A spit test is being developed that could be used to make diagnosing type 1 diabetes easier in children.
Leading type 1 diabetes charity JDRF has partnered with Enable Biosciences to develop a spit-to-screen scheme which could remove obstacles in diagnosing children with the autoimmune disease.
San Francisco-based biotech start-up Enable Biosciences has already designed a test that recognises antibodies in small samples of blood. These antibodies indicate a heightened risk of type 1 diabetes.
Now, JDRF will grant the start-up $700,000 (£504,000) over two years to develop this technology to work in a spit test. The blood and saliva samples for their research will be collected from Stanford’s Division of Pediatric Endocrinology and Diabetes.
Just over half of cases of type 1 diabetes develop during childhood. Type 1 diabetes tends to develop more quickly in children than in adults and a fast diagnosis is needed to prevent the condition becoming dangerous.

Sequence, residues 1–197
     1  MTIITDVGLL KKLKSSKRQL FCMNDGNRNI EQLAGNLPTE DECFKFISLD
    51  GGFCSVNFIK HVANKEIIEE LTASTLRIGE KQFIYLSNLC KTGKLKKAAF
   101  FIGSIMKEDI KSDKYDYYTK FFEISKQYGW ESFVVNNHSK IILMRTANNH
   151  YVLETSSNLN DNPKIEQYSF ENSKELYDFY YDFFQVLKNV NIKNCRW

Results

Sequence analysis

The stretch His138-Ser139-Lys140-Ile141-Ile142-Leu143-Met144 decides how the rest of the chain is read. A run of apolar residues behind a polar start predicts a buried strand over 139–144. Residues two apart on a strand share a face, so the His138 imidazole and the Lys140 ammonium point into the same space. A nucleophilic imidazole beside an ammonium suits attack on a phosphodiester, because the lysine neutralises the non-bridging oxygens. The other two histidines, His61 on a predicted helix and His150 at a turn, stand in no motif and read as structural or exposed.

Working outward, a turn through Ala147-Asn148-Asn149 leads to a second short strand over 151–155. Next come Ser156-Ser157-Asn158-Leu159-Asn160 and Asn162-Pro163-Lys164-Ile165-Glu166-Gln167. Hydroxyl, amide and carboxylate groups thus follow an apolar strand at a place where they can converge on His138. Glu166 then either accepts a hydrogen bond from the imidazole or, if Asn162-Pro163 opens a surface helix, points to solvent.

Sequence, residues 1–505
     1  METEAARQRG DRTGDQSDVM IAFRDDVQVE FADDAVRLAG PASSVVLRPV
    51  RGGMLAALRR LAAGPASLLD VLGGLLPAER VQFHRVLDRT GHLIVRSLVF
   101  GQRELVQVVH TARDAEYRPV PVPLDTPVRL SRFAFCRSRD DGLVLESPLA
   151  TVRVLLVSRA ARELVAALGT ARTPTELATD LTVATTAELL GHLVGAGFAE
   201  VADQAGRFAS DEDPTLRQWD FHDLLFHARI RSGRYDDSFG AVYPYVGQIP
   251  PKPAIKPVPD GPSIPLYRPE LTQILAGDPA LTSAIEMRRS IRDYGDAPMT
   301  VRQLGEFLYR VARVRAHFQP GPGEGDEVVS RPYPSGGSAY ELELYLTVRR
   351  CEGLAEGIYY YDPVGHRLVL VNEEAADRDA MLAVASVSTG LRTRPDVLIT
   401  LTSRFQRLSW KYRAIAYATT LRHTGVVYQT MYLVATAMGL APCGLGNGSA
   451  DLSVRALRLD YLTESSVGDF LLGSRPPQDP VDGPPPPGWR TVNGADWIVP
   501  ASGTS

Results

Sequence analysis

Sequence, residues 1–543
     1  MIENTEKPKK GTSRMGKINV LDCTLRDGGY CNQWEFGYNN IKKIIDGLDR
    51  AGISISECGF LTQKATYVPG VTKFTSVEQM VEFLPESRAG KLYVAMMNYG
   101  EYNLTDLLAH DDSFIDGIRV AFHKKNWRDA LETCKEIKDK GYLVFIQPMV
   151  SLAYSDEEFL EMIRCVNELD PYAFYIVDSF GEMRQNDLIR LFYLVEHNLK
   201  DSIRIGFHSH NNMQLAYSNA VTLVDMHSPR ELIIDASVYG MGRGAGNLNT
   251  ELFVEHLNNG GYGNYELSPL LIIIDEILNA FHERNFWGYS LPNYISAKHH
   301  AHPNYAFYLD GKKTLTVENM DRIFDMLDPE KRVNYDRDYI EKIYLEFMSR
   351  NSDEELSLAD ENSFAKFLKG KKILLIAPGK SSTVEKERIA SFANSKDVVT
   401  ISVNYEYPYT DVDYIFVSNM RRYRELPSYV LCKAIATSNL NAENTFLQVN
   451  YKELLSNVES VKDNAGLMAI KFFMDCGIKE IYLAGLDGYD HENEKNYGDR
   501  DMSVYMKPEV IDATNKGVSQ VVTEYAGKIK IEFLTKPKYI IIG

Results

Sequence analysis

While a variety of biomarker tests exist, Enable noted in a statement that they are too expensive to be widely used to screen for type 1 diabetes.
This spit test could be used to screen thousands of children and identify at-risk children before any symptoms of diabetes develop, such as excessive thirst, increased urination, fatigue and unexplained weight loss.
Moreover, the spit test could be used to advance research into the prevention of type 1 diabetes.
JDRF USA’s Director of Research Jessica Dunne said of the partnership: “JDRF is excited about the potential of the Enable technology to detect autoantibodies in a small amount of saliva or blood.
“Prevention is a vital part of JDRF’s mission to cure, prevent and treat type 1 diabetes, and an assay [test] like this could remove obstacles and serve as a critical step toward being able to screen all kids for risk of type 1 diabetes.”

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